I first learned to pray when I was a child. I don’t know the contents of that prayer, the motivation behind it, or how it shaped my life.

I do know that I’m continuing to learn how to pray.

I know I’ll never master it. Similar to being in a relationship with anyone, the goal is not mastery. The goal is growth.

I’m learning prayer from one of my nephews.

He’s excited to pray before meals. If someone else prays first, he’ll typically follow it up with a prayer of his own. He’s a toddler right now, so his mastery of the English language and tongue is growing. When we sit around a dinner table together we all bow our heads, then he speaks three simple (powerful) words.

God. Food. Amen.

I was startled the first time I heard him pray this. I had to stifle my laughter because I frequently laugh at inappropriate times.

The more Kevin and I talk about the prayer though, the more I appreciate it.
If you think about it, it’s a simplified Lord’s Prayer.

“Our Father in Heaven (God)



Keep us alive with three square meals (Food)



You’re ablaze in beauty! Yes. Yes. Yes. (Amen)”
Matthew 6:7–13 (MSG)

Kevin and I work at a church. When we’re in a group setting with food, people will sometimes (always) ask one of us to pray for the meal. Occasionally we’ll break out a God. Food. Amen.

We’re typically greeted with stares of amazement. Not a “this is amazing” stare, but a “where’s the rest” kind of stare.

We’re accustomed to prayers that take more than three words to express. We’re used to prayers that invoke big words to describe how great God is.

Isn’t his name the greatest description we can speak?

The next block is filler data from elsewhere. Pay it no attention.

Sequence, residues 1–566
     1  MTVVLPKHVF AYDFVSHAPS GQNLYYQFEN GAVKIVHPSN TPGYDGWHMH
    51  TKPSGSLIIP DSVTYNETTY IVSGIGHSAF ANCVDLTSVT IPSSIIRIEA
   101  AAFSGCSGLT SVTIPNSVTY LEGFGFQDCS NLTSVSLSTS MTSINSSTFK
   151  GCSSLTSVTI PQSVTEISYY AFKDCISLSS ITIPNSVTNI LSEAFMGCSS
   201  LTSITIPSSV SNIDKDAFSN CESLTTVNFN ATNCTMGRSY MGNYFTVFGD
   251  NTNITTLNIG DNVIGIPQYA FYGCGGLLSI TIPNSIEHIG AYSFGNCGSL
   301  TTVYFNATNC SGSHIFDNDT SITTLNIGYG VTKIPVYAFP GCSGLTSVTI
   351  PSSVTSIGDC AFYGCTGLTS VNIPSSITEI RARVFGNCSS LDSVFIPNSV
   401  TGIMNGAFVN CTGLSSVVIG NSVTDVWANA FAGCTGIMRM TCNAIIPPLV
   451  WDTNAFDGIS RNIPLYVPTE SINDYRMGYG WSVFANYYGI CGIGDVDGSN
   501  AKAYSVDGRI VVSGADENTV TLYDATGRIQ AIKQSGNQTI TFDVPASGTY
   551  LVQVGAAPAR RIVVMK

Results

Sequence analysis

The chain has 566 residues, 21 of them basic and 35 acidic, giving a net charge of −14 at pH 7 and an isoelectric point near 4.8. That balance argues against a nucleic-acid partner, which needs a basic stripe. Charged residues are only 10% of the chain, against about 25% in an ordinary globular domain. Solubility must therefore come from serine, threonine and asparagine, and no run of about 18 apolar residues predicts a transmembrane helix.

We attempt eloquent words under the pretension that the better we speak the more likely God will hear us. Some of us view prayer as performance. Some of us have a fear of praying because we’re not as ‘holy’ as the people we’re sitting with.

We need to take this distorted view of prayer and replace it with a healthier understanding of it’s significance. Prayer is conversation. Prayer is relationship. This fear of ‘measuring up in prayer’ rooted deep within us has no place.

We need to return to praying as children. We need to strip away all of our insecurities displayed as complex and lengthy prayers. We need to return to approaching God with wonder, simplicity, and excitement.

God. Food. Amen.

Sometimes I pray that way because I know it will take people off guard.
Sometimes I pray that way because I hope to start a conversation about what ‘counts’ as prayer.
Sometimes I pray that way because I’m hungry, and I don’t want to put off eating for more than three words.

Mostly I pray that way because my mastery of the heavenly language and tongue is growing.

Would you continue to grow with us?

Ben Bulgrein and Kevin Brown are two millennials who write about their experiences while working at a church and discovering the ways they can positively impact their world. They are good friends and you can find their musings at the BMillennial blog.